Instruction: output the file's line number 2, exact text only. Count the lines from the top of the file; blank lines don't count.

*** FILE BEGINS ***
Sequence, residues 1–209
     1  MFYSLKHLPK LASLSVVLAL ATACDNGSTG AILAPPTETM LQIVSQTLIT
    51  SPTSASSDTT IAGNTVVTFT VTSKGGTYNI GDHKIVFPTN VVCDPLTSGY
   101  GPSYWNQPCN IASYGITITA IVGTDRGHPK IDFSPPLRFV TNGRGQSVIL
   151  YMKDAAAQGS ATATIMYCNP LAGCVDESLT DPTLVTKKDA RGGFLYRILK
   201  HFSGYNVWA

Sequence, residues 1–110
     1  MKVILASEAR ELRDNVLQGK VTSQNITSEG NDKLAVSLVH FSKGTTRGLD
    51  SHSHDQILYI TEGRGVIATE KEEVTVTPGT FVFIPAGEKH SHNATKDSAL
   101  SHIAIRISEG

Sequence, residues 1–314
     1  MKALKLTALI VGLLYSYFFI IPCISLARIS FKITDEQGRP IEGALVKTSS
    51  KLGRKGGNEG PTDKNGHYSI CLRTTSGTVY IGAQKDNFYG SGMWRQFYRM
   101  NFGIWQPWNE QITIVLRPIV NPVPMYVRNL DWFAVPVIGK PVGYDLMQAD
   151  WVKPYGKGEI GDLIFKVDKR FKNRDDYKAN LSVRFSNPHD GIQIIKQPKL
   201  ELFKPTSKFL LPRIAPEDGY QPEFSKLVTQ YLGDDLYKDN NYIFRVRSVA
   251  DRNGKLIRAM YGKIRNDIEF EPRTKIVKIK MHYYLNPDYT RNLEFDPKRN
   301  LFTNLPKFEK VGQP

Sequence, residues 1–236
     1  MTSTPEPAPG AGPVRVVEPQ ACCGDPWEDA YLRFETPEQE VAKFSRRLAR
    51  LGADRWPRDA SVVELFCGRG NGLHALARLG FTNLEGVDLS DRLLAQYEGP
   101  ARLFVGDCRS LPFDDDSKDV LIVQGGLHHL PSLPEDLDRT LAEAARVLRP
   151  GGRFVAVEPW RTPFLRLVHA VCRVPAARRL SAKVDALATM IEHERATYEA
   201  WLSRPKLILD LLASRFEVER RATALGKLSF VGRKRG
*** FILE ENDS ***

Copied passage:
     1  MFYSLKHLPK LASLSVVLAL ATACDNGSTG AILAPPTETM LQIVSQTLIT